described
> > in
> > > > > > > [3] and some performance details are mentioned. It is said
"As
> > per
> > > > > > > [GRAY81], most deadlocks involve two to four transactions."
I
> > see one
> > > > > > > more argument making deadlock detection algorithm latency
not so
> > > > > > > important. We can consider deadlock as unavoidable situation,
> > but even
> > > > > > > lightning fast detector will not save a database from performance
> > > > > > > degradation in case of tons of deadlocks.
> > > > > > > What is also interesting, Google Cloud Spanner employs
simple
> > > > > > > "wound-wait" deadlock prevention [4] instead of any detection
> > > > > > > algorithm.
> > > > > > >
> > > > > > > DISCUSSION
> > > > > > > So, I see the following options:
> > > > > > > 1. Edge-chasing algorithm like Chandy, Misra and Haas [2].
> > > > > > > 2. Centralized two-phased algorithm described by Ho [1]
with
> > > > > > > restriction that transactions must obey 2PL.
> > > > > > > Personally, I tend to edge-chasing approach because it
looks
> > simple
> > > > > > > and universal. Restricting ourselves with 2PL will restrict
us in
> > > > > > > features which could be implemented in future (e.g. transaction
> > > > > > > savepoints), will not it?
> > > > > > >
> > > > > > > WDYT?
> > > > > > >
> > > > > > > Ivan
> > > > > > >
> > > > > > > [1]
> > https://turing.cs.hbg.psu.edu/comp512.papers/HoRamamoorthy-82.pdf
> > > > > > > [2]
> > > > > > >
> > > > >
> > https://www.cs.utexas.edu/users/misra/scannedPdf.dir/DistrDeadlockDetection.pdf
> > > > > > > [3] https://www.ics.uci.edu/~cs237/reading/p37-elmagarmid.pdf
> > > > > > > [4]
> > > > > > >
> > > > >
> > https://cloud.google.com/spanner/docs/transactions#rw_transaction_performance
> > > > > > >
> > > > > > > ср, 14 нояб. 2018 г. в 22:13, Vladimir Ozerov <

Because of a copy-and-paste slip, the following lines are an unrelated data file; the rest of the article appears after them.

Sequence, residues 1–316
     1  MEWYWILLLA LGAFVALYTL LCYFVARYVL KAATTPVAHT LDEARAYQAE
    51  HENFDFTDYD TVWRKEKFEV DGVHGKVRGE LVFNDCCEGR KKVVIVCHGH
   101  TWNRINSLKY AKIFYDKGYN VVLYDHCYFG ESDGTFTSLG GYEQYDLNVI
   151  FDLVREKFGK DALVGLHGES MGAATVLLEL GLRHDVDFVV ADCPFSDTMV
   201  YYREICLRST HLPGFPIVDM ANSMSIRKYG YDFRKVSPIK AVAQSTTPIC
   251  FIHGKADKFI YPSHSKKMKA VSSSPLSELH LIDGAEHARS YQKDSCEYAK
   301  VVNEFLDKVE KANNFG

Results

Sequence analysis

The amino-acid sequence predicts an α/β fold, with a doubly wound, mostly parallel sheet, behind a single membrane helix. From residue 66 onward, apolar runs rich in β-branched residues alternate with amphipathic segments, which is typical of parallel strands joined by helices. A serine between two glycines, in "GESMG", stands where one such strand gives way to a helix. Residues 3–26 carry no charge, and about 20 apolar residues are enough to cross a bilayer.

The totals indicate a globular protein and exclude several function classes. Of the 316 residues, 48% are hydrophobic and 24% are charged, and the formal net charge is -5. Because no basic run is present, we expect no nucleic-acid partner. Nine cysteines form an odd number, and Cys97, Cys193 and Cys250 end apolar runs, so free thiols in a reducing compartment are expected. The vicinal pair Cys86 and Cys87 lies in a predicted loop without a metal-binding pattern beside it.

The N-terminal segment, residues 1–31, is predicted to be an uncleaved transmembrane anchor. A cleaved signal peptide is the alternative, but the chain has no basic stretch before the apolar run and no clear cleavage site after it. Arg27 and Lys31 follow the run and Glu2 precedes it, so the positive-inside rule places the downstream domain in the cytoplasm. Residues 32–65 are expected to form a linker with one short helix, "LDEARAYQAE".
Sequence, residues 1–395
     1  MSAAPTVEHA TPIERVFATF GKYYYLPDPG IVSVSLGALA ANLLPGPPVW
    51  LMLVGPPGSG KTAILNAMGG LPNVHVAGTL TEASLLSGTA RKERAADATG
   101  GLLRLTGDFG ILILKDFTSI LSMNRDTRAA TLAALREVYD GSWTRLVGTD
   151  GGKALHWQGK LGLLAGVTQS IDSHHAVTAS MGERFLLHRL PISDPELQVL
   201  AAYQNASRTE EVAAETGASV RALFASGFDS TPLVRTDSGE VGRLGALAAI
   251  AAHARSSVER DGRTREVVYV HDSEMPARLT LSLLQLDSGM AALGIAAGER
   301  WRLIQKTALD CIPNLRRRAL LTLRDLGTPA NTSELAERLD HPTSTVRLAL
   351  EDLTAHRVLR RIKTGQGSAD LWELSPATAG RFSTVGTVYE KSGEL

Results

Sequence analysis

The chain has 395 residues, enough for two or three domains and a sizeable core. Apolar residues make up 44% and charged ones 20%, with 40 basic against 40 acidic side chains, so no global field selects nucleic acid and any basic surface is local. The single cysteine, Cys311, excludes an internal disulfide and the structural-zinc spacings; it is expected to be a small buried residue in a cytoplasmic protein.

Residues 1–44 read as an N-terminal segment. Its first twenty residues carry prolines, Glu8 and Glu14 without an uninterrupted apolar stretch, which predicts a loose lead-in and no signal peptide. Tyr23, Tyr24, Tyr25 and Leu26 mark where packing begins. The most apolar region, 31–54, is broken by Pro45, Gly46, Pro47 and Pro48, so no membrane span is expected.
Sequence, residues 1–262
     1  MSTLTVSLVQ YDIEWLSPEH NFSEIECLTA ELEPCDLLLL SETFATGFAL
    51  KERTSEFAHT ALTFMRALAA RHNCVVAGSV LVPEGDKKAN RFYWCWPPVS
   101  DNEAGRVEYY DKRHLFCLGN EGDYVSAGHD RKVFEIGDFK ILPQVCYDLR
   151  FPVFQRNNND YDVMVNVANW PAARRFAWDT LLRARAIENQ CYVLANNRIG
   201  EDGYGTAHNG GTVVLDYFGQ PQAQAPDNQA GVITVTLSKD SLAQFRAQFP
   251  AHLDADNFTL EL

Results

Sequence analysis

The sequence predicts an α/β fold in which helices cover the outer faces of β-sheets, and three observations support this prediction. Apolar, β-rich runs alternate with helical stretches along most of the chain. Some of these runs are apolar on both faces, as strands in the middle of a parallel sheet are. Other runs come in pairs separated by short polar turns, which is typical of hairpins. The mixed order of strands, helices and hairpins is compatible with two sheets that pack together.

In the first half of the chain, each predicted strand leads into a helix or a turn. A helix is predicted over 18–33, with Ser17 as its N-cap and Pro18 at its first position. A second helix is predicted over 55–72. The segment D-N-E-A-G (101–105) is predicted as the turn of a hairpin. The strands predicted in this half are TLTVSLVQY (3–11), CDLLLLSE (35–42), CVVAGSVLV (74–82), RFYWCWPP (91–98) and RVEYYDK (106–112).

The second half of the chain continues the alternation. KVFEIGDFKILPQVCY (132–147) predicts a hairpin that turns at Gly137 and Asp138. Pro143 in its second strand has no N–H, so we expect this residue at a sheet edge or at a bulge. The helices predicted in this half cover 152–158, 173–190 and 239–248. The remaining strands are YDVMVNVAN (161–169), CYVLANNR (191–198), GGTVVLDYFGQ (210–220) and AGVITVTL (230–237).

> > vozerov@gridgain.com>:
> > > > > > > >
> > > > > > > > Ivan,
> > > > > > > >
> > > > > > > > This is interesting question. I think we should spend
some
> > time for
> > > > > > > formal
> > > > > > > > verification whether this algorithm works or not.
Several
> > articles
> > > > > you
> > > > > > > may
> > > > > > > > use as a startitng point: [1], [2]. From what I understand,
> > Ignite
> > > > > fall
> > > > > > > > into "AND" model, and currently implemented algorithm
is a
> > variation
> > > > > of
> > > > > > > > "edge-chasing" approach as per Chandy, Misra and Haas
[3],
> > which is
> > > > > > > *proven
> > > > > > > > to be correct* in that it both detects deadlocks when
they are
> > > > > present,
> > > > > > > and
> > > > > > > > do not produce false positives. But is might be too
heavy for
> > the
> > > > > system
> > > > > > > > under contention.
> > > > > > > >
> > > > > > > > We need to search for any formal proof of correctness
of
> > proposed
> > > > > > > > algorithm. This area is already researched throughly
enough,
> > so we
> > > > > should
> > > > > > > > be able to find an answer quickly.
> > > > > > > >
> > > > > > > > Vladimir.
> > > > > > > >
> > > > > > > > [1] http://www.cse.scu.edu/~jholliday/dd_9_16.htm
> > > > > > > > [2] https://www.cs.uic.edu/~ajayk/Chapter10.pdf
> > > > > > > > [3]
> > > > > > > >
> > > > > > >
> > > > >
> > https://www.cs.utexas.edu/users/misra/scannedPdf.dir/DistrDeadlockDetection.pdf
> > > > > > > >
> > > > > > > > On Wed, Nov 14, 2018 at 6:55 PM Павлухин Иван